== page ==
Originally, I thought of titling this What Wine Pairs with Algebra? However, I didn’t want to mislead anyone into thinking they’d actually get wine suggestions here.
I’m not honestly a wine drinker. Sorry, I can’t help you with that.
Acknowledge that it’s going to be hard
Don’t go in with false expectations.
Once you’ve navigated all the rules and regulations your state has in place for homeschooling, and have successfully researched your options and decided on the homeschooling route you’re using, you are likely feeling very accomplished—perhaps even invincible.
Don’t get me wrong, you absolutely should feel accomplished. The preparations alone are a lot of work. But, that’s not really the hardest part.
Now you have to actually do the homeschooling
As we all know, children can be somewhat…shall we say…unpredictable? Despite the best-laid plans, your child may not actually respond to homeschooling the way you’d anticipated.
Now, of course, by the time they’re school-aged, you have some idea of their learning habits. They may need a more structured classroom setting—a desk or table, proper chair, lamp, and neatly organized school supplies.
Or, they may be just fine in their pajamas on the couch.
But, this isn’t quite the same as them just sitting down for an hour after school (assuming they went to a brick and mortar school previously) to do their homework. It’s a lot more intensive. There’s a lot more on you.
Be prepared to be flexible
If they’re struggling, find out why before skipping to frustration. If their learning environment isn’t working, tweak it! Let them decorate it.
Get them something more comfortable to sit in. Beanbag chairs are still cool. I have a poop emoji one, personally…because I’m super mature.
Maybe they need to get out of the house completely. It’s understandable if they can’t compartmentalize that home is both school and home. They might be more relaxed under a tree in the backyard, or at a picnic table at the park.
The setting isn’t as important as their education. If it works, roll with it.
You don’t have to be as structured as a regular school
This may be a no-brainer for some. However, it’s also easy to have that hard-wired mentally that school is Monday through Friday, 8am-3pm, while rotating through all the subjects every day.
In deciding to homeschool, it’s possible your only consideration was that you wanted the curriculum to be different. Apart from this incentive, remember to check some math lessons online. This might help you to develop a homeschooling program for your child.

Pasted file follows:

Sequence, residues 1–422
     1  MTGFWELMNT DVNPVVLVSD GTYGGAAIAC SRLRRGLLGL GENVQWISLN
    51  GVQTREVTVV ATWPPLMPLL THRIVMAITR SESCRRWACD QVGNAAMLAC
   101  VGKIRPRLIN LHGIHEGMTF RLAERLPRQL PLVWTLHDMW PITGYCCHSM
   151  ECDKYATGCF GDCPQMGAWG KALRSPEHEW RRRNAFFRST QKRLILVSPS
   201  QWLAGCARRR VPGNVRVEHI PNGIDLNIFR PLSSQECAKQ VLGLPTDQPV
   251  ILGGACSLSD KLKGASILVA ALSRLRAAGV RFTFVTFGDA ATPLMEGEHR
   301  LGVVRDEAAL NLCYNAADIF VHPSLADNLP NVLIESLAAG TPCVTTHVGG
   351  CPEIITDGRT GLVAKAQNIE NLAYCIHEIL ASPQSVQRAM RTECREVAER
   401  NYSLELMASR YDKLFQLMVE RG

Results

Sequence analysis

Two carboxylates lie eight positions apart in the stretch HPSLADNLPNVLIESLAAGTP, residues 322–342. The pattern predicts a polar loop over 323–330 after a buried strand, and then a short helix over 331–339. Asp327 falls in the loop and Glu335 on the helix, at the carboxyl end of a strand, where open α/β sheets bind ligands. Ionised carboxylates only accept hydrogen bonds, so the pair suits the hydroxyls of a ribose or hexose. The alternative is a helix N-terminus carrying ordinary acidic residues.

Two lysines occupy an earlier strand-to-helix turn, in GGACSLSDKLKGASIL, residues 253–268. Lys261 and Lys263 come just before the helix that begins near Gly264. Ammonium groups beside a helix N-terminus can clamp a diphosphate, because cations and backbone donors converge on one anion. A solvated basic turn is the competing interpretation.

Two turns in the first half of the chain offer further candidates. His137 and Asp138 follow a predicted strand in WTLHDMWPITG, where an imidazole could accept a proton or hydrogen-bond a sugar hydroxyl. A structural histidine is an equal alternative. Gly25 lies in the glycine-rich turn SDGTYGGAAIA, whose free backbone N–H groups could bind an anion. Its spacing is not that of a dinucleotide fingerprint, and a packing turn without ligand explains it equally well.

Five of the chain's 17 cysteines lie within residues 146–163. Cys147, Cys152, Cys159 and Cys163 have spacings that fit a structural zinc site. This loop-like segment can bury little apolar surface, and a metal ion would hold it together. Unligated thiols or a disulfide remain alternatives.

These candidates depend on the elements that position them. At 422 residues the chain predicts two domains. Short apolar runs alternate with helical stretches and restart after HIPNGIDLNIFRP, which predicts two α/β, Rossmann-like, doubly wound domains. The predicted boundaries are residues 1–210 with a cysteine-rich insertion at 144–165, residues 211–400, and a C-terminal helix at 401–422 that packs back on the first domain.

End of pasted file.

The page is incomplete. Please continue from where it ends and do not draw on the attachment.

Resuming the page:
But this is the beauty of homeschool!
You can adjust so much more to make it truly tailored to your child. You can both pick the hours that work for you. I personally don’t function well at 8am. If they don’t either, then you can both sleep in and start schoolwork at 10am while eating cold pizza on the couch in sweat pants. Maybe Sunday through Thursday works better.
If 4 days a week works better, do it. Free your weekends!
You can also completely rework how and when subjects are taught.
I struggled in mainstream high school and temporarily went to alternative school. In alternative school, you took one subject at a time for three weeks at a time. I got to purely focus on that one subject without being distracted by other subjects I otherwise would’ve been switching between throughout the day.
I was amazed how much of a difference this made in me truly understanding and retaining the information. I learned the material in a far more meaningful way.
The teachers also liked to get us up out of our seats, out of the building, and learn the information in ways that were more applicable to life. Science was done outside and not in a chair, staring at words in a text book. It was hands on. It worked.
When there’s not 20-30 students to teacher, there’s so much more opportunity for really engaging them in learning in a way that matters. Ask yourself when, in life, your child will use what you’re teaching them. Use that situation to teach them the information.
Schedule in breaks
This may also be a no-brainer. But again, it’s something that can get overlooked while obsessing over the schooling part of homeschooling.
Teachers and students get breaks in regular school, too. They need them. You both will, too. Like everything else in homeschooling, you’re afforded the freedom to tailor these breaks to your child’s needs.
It’s all about creating the best possible situation for them to learn in, after all.
Forgive yourself for your struggles, and theirs
Homeschooling is different. It’s hard. You’ll find your groove along the way. Take a breather when you need to.
Just keep in mind, you don’t want to want to find yourself on the explaining end of your child having shared with someone that dad splashed his dirty martini on their research paper about democracy.
So…watch your glass?